The agile manifesto suggests physical colocation of the team. However, over the years, with globalization and evolution of businesses, it may not be feasible to have teams at a single location. The reality of the distributed team is here and expected to grow due to various factors primarily because of the availability of talent and business environments.
Having a physically distributed team brings up its own set of challenges and problems like:
- Team rapport
The above are not unsolvable but may have some trade-offs compared to a physically co-located team. The gaps for distributed teams can be addressed by the use of technology and tools. However, the key to success is building a culture of collaboration and agile delivery.
Below, we've gathered the top list of tools, technology, and tips that enterprises can use to collaborate effectively.
8 Tips to Manage Remote Teams
While tools enable the collaboration and connection the key factors go beyond the tools. It is of utmost importance to build a culture of trust and agility within the team. Let's look at some options that will help on this front.
Have an induction session for each team member joining and take them through the project process and more importantly culture and mindset needed.
If feasible, have the new team member co-located physically with existing team members for the initial period. It is worth the investment on this.
- Set Expectations
Set clear expectations with each team member and enable them to go about their work uninterrupted Have a working agreement and set ground rules with inputs from entire team
- (Over) Communicate
Since team members are distributed very the communication gets diluted or misinterpreted. To avoid this ensure critical information is repeated as many times till all are on the same page.
Document/ record information sharing sessions for a revisit.
- Build Ownerships and rotate roles
Give ownership of different work aspects and encourage team members to take roles beyond their core area of work
- Plan meetings at suitable times
Whenever feasible, do plan for coworking or get togethers at a feasible frequency. Team leadership can plan and spend at each location to have personal with the teams. While in situations like the current pandemic, physical meeting might not be possible, in such scenarios, virtual meetings can substitute the physical connection.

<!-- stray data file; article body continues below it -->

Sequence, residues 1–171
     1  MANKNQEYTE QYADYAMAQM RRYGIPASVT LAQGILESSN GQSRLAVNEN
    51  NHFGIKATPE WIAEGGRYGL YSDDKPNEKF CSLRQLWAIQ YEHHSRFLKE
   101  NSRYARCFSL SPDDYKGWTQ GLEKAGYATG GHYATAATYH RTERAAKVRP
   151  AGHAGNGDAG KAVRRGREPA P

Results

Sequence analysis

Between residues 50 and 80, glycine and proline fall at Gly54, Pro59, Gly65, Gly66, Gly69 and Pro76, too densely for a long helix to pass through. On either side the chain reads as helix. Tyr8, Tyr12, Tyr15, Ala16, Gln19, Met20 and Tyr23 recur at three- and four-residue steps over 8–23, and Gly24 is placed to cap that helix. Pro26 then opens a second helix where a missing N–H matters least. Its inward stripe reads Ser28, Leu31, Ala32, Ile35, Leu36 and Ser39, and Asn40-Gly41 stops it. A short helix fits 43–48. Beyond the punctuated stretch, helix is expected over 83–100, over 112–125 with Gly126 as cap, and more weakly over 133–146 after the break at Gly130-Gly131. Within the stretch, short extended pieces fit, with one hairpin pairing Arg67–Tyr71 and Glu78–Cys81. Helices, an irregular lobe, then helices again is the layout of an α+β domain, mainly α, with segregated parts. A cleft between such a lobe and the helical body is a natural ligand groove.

Daily standups can avoid this common pitfall of remote work and help stay organized.
- Things to watch for
With lack of physical proximity in working remotely there is a chance of non participation by individuals especially if they are introverts. In each of the meetings ensure all participants are addressed individually and are encouraged to contribute.
Use of language and choice of word is very important as this may lead to being misunderstood and lead to demotivation
- Build and have trust
Once the team is set, trust them to deliver and keep them enabled to improvise, DO NOT get into a surveillance or micromanaging mindset.
Tools and Technology for Collaboration
- Video conferencing
Agile ceremonies to give a touch of face to face communication.
Tools you can use: Zoom, Hangouts
- Screen Sharing sessions
When team members need to work in peer mode
Tools you can use: Zoom, Hangouts, TeamViewer
- Messaging Platform
Continuous updates and queries response in real-time
Tools you can use: Slack, Hangouts
- Project management tools
For planning, daily work updates and monitoring progress
Dashboards for visibility
Tools you can use: JIRA, VersionOne
Tools you can use: Corporate email service, Gmail
- Common repositories and cloud shared drives
All code and artifacts should be available commonly accessible
Tools you can use: GitHub, SVN, Bitbucket
In case of critical situations members to reach out on their phones
As businesses evolve and technology enables remote work distributed agile teams will be a norm in near future. The key to succeed with distributed teams is Expectation Setting, Enablement, Collaboration and Building a Culture that every team member relates to and practices.